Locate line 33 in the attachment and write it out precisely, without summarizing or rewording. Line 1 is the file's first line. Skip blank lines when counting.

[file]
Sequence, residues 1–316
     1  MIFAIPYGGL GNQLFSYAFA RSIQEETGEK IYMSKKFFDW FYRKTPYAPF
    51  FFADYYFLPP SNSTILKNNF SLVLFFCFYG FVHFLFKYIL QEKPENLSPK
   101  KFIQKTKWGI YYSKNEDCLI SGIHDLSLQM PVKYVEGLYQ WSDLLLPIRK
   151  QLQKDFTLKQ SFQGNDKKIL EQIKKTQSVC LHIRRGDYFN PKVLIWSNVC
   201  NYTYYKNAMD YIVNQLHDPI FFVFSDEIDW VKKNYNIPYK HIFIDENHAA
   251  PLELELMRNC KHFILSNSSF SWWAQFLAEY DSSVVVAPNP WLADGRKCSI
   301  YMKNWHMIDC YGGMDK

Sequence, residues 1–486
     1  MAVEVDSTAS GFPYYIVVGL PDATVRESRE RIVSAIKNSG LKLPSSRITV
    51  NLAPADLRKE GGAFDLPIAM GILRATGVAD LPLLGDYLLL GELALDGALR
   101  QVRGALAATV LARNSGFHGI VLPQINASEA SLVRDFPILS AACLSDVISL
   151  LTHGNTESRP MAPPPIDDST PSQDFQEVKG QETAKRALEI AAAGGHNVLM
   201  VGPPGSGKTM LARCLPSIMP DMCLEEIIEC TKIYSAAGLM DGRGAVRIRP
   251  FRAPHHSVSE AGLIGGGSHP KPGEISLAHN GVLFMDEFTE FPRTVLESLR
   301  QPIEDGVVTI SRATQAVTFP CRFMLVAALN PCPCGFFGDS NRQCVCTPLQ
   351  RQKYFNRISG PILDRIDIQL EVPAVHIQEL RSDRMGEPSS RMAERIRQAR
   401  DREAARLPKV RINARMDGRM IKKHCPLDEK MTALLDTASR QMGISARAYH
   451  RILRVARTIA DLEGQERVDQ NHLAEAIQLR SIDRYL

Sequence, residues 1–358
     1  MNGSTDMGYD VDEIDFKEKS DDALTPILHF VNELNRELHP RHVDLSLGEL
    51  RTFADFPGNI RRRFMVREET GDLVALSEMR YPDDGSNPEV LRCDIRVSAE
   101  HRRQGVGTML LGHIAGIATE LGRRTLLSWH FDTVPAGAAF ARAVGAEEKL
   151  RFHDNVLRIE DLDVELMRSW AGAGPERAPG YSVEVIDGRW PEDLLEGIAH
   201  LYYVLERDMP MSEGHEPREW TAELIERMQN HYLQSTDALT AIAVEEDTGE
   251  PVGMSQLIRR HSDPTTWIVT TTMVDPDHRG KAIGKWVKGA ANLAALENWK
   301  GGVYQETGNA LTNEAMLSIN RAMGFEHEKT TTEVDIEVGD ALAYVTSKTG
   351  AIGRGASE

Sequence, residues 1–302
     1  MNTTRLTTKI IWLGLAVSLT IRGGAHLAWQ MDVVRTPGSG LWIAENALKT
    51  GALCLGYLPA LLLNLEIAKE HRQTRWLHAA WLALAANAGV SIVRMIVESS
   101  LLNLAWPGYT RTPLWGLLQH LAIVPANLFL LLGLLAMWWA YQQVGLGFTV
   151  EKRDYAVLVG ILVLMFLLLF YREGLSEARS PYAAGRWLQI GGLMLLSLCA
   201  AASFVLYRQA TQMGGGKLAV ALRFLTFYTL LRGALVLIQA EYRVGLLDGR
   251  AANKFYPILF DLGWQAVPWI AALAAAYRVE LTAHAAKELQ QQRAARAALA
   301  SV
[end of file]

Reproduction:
   151  EKRDYAVLVG ILVLMFLLLF YREGLSEARS PYAAGRWLQI GGLMLLSLCA